What Is A Straddle In Poker & When Shouldn’t You Do It?

What Is A Straddle In Poker & When Shouldn’t You Do It?

A straddle in poker means voluntarily paying an extra blind, or in other words, doubling the bet before anyone has seen their cards. This article will teach you exactly what this means, as well as when you should and shouldn’t do it. For example, you should avoid straddling when short-stacked, but consider it when button straddling is allowed.

Straddling in poker can be overwhelming for beginners. But after reading, you should not only understand the basic mechanics, but the best opportunities.

What Is A Straddle In Poker?

In poker, a straddle is akin to paying an extra big blind.

If this already sounds confusing to you and makes your eyes glaze over, don’t panic—you’re not alone. A poker term that often trips up beginners is “blinds.” So stay with me, as just for a moment, we do need to get technical.

In Texas Hold ‘Em, there is always a “button” placed at the table (see below). This is a physical button. The two players to the left of the button are called the blinds. The first person to the left of the button is the small blind; the person to the left of them is the big blind. If you’re playing $1/$2 stakes for example, the small blind will have to pay $1 and the big blind will have to pay $2.

Diagram showing positions at the poker table

Paying the blinds is mandatory—it’s actually a shorthand term for “blind bet.” Because you have to pay this amount before you’ve seen your cards. In other words, you have to pay it blindly.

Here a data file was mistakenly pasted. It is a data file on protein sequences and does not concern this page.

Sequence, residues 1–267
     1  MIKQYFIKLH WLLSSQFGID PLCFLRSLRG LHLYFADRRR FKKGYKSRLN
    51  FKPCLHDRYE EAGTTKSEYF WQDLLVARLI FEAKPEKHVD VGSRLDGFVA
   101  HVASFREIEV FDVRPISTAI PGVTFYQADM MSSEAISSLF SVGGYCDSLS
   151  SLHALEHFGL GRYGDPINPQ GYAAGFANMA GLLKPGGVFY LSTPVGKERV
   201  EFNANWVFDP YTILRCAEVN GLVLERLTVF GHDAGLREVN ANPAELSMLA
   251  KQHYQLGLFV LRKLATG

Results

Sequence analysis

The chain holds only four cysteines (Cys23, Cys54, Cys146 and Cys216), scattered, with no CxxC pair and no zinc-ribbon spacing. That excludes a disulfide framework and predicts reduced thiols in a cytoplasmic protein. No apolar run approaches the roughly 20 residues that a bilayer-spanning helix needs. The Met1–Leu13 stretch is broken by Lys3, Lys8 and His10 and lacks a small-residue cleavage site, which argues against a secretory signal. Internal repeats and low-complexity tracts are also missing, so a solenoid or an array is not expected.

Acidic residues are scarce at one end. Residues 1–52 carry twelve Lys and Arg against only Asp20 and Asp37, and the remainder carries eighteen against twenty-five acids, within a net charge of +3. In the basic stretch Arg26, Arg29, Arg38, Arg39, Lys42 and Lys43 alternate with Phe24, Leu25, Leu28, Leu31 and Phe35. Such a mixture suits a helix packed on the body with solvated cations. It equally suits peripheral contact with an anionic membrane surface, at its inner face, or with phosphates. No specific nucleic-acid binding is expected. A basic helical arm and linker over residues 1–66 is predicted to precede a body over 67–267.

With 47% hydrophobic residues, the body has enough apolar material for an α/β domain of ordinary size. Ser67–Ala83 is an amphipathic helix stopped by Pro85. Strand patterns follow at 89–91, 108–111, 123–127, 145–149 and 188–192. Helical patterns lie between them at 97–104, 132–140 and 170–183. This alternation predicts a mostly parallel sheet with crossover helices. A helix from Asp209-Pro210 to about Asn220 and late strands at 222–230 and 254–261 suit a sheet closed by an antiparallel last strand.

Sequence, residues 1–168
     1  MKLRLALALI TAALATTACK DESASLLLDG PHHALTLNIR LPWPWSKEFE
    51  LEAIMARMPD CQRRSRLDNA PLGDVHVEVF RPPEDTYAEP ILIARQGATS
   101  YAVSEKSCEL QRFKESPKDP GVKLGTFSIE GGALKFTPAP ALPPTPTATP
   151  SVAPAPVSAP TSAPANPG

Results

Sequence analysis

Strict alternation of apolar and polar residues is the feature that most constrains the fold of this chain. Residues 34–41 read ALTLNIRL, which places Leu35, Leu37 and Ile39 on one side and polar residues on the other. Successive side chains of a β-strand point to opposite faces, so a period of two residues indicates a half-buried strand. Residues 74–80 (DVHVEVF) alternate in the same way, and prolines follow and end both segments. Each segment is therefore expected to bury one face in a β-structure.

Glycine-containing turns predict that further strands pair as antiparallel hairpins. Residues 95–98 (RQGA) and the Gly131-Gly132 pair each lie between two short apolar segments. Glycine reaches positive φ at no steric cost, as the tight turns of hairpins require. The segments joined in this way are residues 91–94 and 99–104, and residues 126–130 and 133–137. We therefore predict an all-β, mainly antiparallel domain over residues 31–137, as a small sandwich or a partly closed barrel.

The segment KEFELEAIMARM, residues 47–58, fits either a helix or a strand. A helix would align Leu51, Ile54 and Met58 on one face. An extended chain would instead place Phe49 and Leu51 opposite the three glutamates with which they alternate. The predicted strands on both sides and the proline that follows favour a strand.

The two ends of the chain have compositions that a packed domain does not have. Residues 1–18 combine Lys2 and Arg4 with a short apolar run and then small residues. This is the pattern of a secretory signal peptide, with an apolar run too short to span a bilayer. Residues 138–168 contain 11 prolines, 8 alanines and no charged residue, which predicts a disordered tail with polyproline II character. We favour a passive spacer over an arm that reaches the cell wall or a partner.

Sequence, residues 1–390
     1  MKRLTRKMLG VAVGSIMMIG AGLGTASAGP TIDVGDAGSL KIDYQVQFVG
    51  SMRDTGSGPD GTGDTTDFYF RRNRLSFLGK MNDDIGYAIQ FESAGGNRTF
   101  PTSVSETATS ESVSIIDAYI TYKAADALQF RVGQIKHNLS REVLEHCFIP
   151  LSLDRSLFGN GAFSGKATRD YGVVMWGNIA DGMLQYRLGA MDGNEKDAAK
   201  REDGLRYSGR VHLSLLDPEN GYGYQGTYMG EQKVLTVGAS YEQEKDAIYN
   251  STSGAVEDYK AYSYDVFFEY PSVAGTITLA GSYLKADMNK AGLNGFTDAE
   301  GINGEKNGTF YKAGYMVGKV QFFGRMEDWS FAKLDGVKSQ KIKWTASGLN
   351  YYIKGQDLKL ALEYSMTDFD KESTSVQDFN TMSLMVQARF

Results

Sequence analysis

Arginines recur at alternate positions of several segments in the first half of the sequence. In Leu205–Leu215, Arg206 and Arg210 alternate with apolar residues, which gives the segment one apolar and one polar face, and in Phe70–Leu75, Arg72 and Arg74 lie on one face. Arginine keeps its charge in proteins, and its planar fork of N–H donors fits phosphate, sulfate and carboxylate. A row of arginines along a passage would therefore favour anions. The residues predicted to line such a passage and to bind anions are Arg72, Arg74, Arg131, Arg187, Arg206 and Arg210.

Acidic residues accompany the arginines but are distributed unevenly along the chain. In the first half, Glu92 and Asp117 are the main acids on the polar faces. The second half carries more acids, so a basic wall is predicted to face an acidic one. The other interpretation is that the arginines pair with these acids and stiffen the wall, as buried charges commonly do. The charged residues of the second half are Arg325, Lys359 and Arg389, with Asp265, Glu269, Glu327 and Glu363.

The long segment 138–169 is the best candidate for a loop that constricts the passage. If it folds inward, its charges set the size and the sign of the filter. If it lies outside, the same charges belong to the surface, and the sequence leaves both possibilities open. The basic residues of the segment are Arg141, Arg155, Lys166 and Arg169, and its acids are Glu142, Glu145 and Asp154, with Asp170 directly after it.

(Bonus technical language if you want to get really precise: This is why players start with a raise preflop rather than a bet. The blinds were already a placed bet, so, for example, you can’t bet $10 but you can raise to $10).

A straddle means voluntarily paying an extra blind.

How Do Straddles Work In Poker?

In the example of the $1/$2 game, the small blind is $1, the big blind is $2, and you can straddle to $4—all without seeing your cards. Again, it functions like an extra big blind because you’ve put in this money blindly before seeing your cards.

People can even “double straddle” at certain casinos. This would mean the small blind pays $1, the big blind pays $2, the straddle pays $4, and the double straddle pays $8.

What would a super-ultra-rare triple straddle look like in this example? The triple straddle player would pay $16.

Straddling in poker is doubling the last bet before anyone has seen their cards. If the stakes were $5/$10, the player straddling would pay $20 prior to being dealt their hand. You need to declare your intention to straddle in advance.

Pro tip: If you choose to straddle, point to those extra chips so the dealer notices. They will then announce, “STRADDLE!” to the table so everyone knows that you placed your straddle before seeing your hand.